Would You Retire for a Buyout?

The College of Liberal Arts at UT is offering its first ever “buyout.” If a faculty member retires at the end of this semester, s/he receives two years of pay as a lump sum. To be eligible, the sum of age plus years at UT must be at least 93. Of the 88 eligibles, I’m told that over 40 are taking the buyout.

What’s Your Family Vacation Nightmare? A Freakonomics Quorum

Over the past several weeks, we’ve hosted discussions on obesity, street charity, real estate, and environmental conservation. Here now is a quorum that lets people relive the just-about-gone summer. The participants below were asked the following question: What’s your idea of a nightmare family vacation? Here are their responses. Feel free to give yours as well. Dan Gilbert, Harvard psychology . . .

Leisure Squared

More on Dubner and Levitt’s discussion of work v. leisure: Stitch ‘N Pitch, a group of knitters at baseball games

Gold Farmers on the Web

It seems that there are few things more fun than playing massive multiplayer online role-playing games like World of Warcraft. I don’t play these games, but an incredible number of people do, investing significant amounts of time and money in them. Last week, the New York Times Magazine published an article on what it seems to consider the dark side . . .

Another Economist Heard From in the Leisure/Work Debate

We are still getting e-mails, like this one, concerning our New York Times column a while back about the leisure/work distinctions in “hobbies” like gardening, cooking, knitting, etc. But the following message, from economist Shoshana Grossbard, is easily among the best. She teaches at San Diego State and is the founding editor of the Review of Economics of the Household. . . .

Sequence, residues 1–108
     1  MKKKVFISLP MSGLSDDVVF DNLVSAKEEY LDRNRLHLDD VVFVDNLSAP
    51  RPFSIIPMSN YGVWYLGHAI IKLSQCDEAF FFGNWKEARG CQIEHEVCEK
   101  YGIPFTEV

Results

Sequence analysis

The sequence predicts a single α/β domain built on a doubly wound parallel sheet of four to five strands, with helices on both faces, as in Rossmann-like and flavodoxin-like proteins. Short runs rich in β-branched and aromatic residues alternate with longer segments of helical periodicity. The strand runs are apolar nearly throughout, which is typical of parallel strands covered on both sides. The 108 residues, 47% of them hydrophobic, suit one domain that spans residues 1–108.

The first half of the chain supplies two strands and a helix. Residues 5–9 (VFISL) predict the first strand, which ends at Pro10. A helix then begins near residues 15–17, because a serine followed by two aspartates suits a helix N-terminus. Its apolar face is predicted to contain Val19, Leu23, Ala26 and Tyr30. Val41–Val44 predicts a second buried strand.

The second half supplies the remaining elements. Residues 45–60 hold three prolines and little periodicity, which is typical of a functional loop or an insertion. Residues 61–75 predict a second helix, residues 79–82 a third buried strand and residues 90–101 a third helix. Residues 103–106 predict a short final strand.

Mark Twain on the Leisure/Work Divide

We got an e-mail the other day from John Yinger, a professor of economics and public administration at Syracuse University. It went, in part, like this: By coincidence, I read a chapter of “Tom Sawyer” to my 10-year-old son the day your column on leisure time came out. It’s the famous chapter on whitewashing the fence. Here’s how it ends: . . .

Freakonomics in the Times Magazine: Laid-Back Labor

In their May 6, 2007, column for the New York Times Magazine, Dubner and Levitt wonder: Why do Americans spend so much time and money performing menial tasks when they don’t have to? What’s with all the knitting, gardening, and – as the Census Bureau dubs it – “cooking for fun”? Why do we fill our hours with leisure activities that look an awful lot like work? Click here to read the article and here to comment. This blog post supplies additional research material.

The Joys of Menial Labor

We have a new column in this week’s New York Times Magazine, which is a special issue on the boomer generation. Our piece is called “Laid-Back Labor,” and it actually germinated from a blog post here a few months ago. Here’s one paragraph from the column: Isn’t it puzzling that so many middle-aged Americans are spending so much of their . . .